A few days ago, I tried writing things I never imagined writing. What was in my mind was trying to help some people out there learn the information they may not know before. I quoted the sentences written in the book, and interpreted based on my logic and all the knowledge I have about Indonesia’s politics.
The reactions emerged like sudden flood at midnight. So unprecendented and unexpected. I would see thousands of visitors coming and reading my posts literally every second, which rarely happened during my 5-year period of blogging. I was a solo blogger, thus never thought my blog would be in the limelight. A meager amount of traffic already makes me happy. But the last weekend was tremendous. All is because the topic I chose, urged by the desire to inform. It was not because of deadlines or professional pressures. I wrote because I felt I had to
Not all people are pleased to learn what I posted. Some were less than happy to find my writing. And one was “worried and enraged” because I was writing a sensitive theme in my spare time, which instead I might have used for “another much better purpose”, like writing for business purposes (if you know what I mean). Another advised that I should be cautious because who knows what will happen to me during this politically unstable phase.
“Sorry,” I said,”It was my absolute right to write things I deem important to convey to my readers. You have no rights whatsoever to tell me what to or not to write….” I hope she somehow reads it and fires me NOW. Because I know she wouldn’t dare. And even if she dares, I would be happy to accept the decision to simplify my life.
Feeling frustrated and unsupported, I turn to the American literary figure Jonathan Franzen for advice. He acknowledges:
“A piece of writing is not interesting or worth doing if there’s not some personal risks, if it’s not dangerous in some fashion. Whether you’re exposing some parts of yourself you’d rather not talk about or whether you’re trying to be sincere about something that would be much more comfortable to be ironic about or vice versa, if you’re being sarcastic or ironic about something that people take seriously.”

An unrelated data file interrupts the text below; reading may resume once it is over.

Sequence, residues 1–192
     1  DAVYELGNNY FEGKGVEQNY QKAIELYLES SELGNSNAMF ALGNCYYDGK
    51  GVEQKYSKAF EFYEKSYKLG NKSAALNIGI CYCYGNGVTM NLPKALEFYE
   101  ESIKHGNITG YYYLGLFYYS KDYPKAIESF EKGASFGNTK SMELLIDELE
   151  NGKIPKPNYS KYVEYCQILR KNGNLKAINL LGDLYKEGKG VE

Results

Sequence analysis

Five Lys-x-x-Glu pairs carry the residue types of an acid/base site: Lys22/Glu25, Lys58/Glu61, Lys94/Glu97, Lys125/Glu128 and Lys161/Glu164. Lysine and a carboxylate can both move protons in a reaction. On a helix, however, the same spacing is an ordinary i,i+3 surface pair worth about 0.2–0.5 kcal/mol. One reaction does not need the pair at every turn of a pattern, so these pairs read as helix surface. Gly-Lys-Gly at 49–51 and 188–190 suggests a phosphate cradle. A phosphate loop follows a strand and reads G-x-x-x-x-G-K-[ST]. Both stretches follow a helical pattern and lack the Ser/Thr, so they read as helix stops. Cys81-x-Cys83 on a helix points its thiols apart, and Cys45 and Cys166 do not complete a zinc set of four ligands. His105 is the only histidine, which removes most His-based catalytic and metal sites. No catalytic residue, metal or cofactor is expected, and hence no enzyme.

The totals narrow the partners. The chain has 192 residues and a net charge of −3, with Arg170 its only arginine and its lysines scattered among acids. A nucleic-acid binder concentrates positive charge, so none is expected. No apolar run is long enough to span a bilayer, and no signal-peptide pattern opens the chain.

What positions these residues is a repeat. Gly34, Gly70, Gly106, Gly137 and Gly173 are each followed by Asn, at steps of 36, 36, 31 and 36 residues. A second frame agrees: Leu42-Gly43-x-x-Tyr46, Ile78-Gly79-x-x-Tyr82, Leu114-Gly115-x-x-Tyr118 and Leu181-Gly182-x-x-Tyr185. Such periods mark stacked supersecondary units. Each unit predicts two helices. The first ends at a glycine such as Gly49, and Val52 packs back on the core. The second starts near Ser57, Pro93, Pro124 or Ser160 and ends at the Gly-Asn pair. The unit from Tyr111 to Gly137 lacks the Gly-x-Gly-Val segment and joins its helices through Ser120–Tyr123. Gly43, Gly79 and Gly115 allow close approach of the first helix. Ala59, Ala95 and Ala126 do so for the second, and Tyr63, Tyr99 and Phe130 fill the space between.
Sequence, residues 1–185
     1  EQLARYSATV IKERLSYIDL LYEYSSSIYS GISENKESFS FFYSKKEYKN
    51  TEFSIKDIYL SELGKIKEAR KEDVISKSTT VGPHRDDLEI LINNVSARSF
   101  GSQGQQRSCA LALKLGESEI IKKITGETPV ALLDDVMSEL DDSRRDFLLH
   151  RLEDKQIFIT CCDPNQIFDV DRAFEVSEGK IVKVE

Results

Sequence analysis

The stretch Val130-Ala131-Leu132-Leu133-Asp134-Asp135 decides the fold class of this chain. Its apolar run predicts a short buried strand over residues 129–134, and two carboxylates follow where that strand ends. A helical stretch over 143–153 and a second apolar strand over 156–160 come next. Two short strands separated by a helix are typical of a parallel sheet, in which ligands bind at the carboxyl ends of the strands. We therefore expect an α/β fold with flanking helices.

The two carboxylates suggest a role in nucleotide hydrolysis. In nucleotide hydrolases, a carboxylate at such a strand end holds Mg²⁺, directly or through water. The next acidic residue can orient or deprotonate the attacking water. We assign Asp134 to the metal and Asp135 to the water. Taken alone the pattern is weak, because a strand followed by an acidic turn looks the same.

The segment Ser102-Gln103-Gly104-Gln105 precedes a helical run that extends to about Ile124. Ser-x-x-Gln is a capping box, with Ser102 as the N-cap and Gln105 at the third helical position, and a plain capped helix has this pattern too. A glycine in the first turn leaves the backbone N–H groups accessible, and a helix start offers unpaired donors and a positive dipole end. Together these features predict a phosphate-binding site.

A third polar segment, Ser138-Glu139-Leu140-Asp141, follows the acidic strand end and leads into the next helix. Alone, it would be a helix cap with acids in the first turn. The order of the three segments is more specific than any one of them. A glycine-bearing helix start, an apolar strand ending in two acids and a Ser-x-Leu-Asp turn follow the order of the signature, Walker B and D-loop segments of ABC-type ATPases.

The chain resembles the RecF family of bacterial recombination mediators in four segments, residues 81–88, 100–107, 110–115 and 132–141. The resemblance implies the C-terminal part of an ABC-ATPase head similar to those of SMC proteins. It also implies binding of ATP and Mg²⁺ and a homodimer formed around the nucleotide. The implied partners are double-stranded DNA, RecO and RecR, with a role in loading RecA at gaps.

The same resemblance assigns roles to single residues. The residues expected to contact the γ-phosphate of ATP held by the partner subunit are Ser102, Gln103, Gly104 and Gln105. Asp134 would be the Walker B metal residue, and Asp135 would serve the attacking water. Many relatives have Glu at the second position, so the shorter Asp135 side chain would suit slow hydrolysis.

Franzen points out also that journalists may face the same dangers and risks by being honest in their news reports. He mentions there’s some element of psychological risk as well.”There’s a discomfort,”he puts it.
So how to tell the stories in an honest manner without being killed or get hurt by people who may feel offended by the content of our writing? Thank God, Franzen provides us some guideline.
“The first thing you have to know is: Can I find a way to write about this uncomfortable thing that will not make people uncomfortable when they read it and that distance is always navigated by way of the piece’s tone. Do you like how you sound as you write about it? Or do you sound like a pompous asshole? And you can’t immediately know that! But as soon as you start hearing… Oh this I could read aloud and it would not kill me. And yet people might simultaneously enjoy it but also be slightly uncomfortable about it. Well, that’s where I want to be. And when you start hearing that, you have some paragraphs, that you can see,’OK, I can write the whole thing in that voice and it’ll be OK. At which point it’s safe to create an outline and go on.”
As a journalist by day, I was “lucky” I write about relatively unsensitive issues and topics. However, that will be a flat life to live, won’t it?
(Reference: “How Jonathan Franzen Writes – Big Think Interview” )